- How much should be allocated to use the 20% spare LNG export capacity?
- How much gas to forward sell and at what price, to big industries?
- How much gas will be allocated to big existing customers, like PDO and cement companies?
- How to increase the price of electricity without causing domestic customer riots or limiting new SME business growth, and adhering to privatisation/liberalisation?

All these decisions are inter-related, and cut across Ministries. This is not an easy problem. But I'm sure the Majlis and the Energy council are right on top of it, making sure these decisions are made well, with eyes open to the risks, implications and economics. A pity that that assessment has to based on trust, as all discussions are (perhaps as expected), done in camera. It will be interesting to see what path unfurls over the coming years as Oman tries to solve these strategic issues.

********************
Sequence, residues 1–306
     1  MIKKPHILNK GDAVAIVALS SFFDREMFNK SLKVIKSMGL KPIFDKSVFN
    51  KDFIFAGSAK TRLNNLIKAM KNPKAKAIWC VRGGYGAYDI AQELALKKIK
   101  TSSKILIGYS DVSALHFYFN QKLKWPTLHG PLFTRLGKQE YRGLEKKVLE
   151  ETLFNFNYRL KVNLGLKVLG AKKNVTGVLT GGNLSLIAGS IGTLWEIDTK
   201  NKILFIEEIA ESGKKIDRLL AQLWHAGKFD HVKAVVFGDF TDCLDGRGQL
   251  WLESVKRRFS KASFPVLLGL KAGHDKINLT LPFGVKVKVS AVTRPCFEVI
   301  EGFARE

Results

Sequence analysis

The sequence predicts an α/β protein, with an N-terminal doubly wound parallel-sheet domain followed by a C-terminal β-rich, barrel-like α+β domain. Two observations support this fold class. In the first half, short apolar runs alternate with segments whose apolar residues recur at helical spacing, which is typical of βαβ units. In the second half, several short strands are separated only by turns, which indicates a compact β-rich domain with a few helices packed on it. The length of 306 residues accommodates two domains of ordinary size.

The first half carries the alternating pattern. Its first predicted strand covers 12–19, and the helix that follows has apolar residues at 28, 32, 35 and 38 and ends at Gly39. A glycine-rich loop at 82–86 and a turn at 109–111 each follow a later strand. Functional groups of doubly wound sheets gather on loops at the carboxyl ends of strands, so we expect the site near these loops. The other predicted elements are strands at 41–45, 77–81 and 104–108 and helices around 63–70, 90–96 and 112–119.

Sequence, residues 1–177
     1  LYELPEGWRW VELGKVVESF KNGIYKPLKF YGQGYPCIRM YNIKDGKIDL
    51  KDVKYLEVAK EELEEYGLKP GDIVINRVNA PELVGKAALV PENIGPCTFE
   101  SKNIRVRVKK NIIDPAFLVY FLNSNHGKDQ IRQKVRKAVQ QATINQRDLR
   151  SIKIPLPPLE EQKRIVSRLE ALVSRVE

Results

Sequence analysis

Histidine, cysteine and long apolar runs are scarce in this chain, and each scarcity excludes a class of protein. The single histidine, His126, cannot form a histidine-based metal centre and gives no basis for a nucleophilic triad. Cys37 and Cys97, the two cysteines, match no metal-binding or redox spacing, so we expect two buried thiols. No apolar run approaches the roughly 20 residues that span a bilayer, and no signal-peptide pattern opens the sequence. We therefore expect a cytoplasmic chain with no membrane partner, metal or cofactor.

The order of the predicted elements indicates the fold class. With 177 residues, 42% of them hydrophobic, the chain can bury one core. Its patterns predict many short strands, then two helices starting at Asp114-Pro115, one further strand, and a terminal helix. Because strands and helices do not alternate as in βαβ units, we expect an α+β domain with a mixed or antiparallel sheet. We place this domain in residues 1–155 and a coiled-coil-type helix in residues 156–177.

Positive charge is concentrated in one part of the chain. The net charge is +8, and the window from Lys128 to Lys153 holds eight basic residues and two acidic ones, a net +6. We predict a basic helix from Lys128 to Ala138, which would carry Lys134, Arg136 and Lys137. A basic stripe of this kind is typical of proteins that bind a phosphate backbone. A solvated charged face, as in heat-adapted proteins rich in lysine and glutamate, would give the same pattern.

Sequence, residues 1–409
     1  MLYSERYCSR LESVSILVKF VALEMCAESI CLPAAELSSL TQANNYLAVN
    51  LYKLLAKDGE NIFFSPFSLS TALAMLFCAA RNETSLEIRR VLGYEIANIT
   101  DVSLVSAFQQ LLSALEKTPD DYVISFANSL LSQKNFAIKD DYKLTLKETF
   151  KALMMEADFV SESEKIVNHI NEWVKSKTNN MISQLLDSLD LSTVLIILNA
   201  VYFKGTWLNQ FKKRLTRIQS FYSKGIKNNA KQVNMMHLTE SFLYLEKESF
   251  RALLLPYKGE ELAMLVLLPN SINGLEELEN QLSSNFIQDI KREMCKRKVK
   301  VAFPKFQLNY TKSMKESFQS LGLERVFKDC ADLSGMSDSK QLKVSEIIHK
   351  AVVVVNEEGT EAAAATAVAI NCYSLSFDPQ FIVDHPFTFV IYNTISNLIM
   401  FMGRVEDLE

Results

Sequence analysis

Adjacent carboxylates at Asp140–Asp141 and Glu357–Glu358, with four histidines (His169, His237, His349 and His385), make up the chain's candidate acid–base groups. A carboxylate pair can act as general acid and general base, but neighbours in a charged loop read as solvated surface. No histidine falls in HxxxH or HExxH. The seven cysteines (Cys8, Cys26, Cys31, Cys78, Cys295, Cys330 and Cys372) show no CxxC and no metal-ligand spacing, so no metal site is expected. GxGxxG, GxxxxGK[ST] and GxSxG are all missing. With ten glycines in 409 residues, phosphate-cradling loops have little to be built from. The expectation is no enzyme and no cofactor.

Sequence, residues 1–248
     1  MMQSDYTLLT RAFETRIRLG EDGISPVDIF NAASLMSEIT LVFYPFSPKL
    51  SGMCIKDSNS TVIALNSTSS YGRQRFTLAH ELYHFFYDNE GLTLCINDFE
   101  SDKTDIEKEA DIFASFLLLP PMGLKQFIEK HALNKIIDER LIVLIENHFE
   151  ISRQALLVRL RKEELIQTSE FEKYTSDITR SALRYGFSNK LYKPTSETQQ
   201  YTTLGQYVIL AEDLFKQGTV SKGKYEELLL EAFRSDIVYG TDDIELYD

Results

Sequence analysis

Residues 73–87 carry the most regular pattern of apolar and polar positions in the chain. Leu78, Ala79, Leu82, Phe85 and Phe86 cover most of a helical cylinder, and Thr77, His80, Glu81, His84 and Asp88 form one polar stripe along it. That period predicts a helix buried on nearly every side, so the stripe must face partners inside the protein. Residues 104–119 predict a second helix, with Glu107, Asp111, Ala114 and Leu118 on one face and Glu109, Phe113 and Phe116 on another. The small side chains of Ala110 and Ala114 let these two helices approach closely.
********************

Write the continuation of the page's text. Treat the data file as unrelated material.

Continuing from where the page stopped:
Steel Guru
Oman to invest USD 5 billion in steel

Oman Economic Review has hailed the announcement that Oman is set to invest USD 5 billion in building up its steel industry by saying that it looks a wise move. The focus on a growing sector in which Oman has some particular strategic advantages could prove an important part of the Sultanate's diversification program.

Earlier on September 29th 2008, the authorities outlined the investment package, part of broader plan to expand the manufacturing sector that it will eventually account for 15% of GDP by 2020. The export orientation of the steel production program fits well with the broader industrial program. The government has classified most steel products including tubes and bars as medium value, the second of its four export categories. This indicates that the sector is likely to grow rapidly and has been targeted for potential support initiatives.
Furthermore, Oman has several competitive advantages on which it aims to capitalize. Not least amongst these are a very favorable business climate and a growing pool of skilled labor. Also important is the abundance of energy resources.